Villa of Delirium
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by Adrien Goetz
"Terrific."―Edmund de Waal, author of The Hare with Amber Eyes and Letters to Camondo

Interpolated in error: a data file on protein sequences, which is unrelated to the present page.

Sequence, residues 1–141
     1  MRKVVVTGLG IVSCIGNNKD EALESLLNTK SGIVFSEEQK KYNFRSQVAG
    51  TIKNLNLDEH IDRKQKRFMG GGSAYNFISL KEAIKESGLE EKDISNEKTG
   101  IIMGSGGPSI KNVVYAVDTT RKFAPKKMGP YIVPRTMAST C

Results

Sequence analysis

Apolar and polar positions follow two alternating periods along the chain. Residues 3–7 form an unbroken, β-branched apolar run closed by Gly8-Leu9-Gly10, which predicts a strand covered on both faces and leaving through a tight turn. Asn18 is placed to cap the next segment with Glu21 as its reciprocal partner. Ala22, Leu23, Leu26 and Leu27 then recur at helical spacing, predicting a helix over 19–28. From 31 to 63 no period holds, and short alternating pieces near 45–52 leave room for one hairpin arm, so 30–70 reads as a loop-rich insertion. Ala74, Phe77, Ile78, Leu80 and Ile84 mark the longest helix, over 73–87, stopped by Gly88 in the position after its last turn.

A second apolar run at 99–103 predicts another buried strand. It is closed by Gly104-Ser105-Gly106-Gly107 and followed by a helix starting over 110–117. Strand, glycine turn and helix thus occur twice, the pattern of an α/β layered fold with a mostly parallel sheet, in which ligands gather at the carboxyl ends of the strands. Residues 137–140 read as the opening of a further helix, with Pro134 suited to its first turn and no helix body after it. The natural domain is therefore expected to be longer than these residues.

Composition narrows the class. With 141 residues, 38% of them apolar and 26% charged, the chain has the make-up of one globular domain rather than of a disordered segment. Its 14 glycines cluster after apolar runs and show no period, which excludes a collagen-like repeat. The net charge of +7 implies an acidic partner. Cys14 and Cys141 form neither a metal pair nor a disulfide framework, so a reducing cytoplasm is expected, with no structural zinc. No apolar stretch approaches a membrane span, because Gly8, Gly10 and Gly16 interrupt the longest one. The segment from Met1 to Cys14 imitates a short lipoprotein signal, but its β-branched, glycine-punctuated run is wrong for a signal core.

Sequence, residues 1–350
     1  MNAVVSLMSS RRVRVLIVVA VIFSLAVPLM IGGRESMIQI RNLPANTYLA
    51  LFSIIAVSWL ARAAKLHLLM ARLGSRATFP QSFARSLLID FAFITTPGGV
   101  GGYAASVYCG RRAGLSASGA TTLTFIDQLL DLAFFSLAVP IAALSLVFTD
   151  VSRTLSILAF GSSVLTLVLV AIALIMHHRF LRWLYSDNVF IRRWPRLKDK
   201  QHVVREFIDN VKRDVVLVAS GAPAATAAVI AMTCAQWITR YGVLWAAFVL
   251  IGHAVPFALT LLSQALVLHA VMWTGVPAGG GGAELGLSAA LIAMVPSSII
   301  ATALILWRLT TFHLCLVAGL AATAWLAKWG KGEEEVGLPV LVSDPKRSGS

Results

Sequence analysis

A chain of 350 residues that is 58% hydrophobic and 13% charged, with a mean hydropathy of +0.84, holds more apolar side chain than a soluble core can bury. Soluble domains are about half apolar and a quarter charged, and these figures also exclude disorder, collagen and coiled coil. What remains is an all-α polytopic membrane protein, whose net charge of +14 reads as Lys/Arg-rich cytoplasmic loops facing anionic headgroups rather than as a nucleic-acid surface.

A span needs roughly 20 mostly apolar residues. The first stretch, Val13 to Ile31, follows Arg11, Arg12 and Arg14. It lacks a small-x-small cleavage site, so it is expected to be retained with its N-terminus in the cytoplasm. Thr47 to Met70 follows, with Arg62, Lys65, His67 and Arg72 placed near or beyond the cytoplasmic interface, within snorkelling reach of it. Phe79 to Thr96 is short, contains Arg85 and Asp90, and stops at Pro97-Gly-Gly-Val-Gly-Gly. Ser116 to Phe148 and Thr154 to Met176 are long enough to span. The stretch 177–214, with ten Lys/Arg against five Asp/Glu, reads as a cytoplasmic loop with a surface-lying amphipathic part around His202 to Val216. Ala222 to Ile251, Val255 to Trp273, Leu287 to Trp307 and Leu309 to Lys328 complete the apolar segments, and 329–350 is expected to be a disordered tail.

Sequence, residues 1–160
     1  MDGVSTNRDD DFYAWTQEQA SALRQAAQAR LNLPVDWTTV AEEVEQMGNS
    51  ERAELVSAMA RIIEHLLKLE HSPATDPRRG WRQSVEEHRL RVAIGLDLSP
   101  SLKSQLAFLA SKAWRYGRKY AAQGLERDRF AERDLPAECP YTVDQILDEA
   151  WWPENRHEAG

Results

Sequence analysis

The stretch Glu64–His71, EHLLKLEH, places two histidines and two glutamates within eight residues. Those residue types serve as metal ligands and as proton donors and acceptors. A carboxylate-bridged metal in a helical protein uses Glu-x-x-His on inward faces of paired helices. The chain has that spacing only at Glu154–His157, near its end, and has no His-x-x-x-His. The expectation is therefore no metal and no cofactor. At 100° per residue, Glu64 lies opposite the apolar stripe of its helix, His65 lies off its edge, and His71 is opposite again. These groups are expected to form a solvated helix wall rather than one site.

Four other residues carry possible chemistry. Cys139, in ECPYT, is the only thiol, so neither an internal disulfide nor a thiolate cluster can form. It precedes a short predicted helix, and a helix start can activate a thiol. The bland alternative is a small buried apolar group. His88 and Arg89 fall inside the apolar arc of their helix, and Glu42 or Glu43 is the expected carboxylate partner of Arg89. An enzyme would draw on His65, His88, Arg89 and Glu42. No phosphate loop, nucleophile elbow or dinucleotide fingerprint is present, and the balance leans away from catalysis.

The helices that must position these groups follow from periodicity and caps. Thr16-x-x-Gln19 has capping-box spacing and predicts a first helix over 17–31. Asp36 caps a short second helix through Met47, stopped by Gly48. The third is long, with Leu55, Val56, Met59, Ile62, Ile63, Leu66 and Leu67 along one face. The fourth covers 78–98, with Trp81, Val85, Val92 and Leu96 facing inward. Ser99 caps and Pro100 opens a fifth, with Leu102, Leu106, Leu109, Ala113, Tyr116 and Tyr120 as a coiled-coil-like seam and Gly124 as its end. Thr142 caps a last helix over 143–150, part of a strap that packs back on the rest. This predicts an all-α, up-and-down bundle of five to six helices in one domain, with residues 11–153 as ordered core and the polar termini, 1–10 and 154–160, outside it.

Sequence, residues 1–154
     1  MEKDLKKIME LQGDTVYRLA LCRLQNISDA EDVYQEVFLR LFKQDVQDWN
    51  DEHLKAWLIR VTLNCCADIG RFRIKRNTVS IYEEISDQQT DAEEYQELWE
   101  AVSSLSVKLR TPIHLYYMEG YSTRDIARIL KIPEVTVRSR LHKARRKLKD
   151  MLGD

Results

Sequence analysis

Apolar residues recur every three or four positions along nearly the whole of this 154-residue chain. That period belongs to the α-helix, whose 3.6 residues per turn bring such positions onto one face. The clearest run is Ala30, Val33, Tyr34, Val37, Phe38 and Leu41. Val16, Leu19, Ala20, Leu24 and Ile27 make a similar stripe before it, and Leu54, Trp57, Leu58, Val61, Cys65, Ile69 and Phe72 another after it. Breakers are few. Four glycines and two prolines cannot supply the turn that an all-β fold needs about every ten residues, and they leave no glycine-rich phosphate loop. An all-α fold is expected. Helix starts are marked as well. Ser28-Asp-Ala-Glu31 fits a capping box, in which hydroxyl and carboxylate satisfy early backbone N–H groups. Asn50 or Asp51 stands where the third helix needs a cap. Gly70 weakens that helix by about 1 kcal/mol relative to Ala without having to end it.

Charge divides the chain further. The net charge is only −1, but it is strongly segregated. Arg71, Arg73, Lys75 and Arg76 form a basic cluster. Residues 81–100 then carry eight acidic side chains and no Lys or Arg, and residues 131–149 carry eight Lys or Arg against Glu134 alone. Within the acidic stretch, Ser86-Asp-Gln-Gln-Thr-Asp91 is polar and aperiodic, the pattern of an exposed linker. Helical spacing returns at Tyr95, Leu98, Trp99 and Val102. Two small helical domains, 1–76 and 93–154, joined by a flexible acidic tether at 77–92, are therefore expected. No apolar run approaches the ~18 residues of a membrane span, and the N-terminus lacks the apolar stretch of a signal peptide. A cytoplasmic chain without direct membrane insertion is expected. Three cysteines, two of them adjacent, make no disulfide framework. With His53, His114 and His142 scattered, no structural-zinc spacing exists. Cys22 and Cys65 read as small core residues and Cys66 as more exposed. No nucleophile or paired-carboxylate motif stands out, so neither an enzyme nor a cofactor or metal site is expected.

Along the French Riviera in the early 1900s, an illustrious family in thrall to classical antiquity builds a fabulous villa―a replica of a Greek palace, complete with marble columns and frescoes depicting mythological gods. The Reinachs--related to other wealthy Jews like the Rothschilds and the Ephrussis―attempt to recreate a "pure beauty" lost in the 20th century. The narrator of this brilliant novel calls the imposing house an act of delirium, "proof that one could travel back in time, just like resetting a clock, and resist the outside world." The story of the villa and its glamorous inhabitants is recounted by the son of a servant from the nearby estate of Gustave Eiffel, designer of the Paris tower, and the two contrasting structures present opposite responses to modernity. The son is adopted by the Reinachs, initiated into the era of Socrates and instructed in classical Greek. He joins a family pilgrimage to Athens, falls in love with a married woman, and survives the Nazi confiscation of the house and deportation to death camps of Reinach grandchildren. This is a Greek epic for the modern era.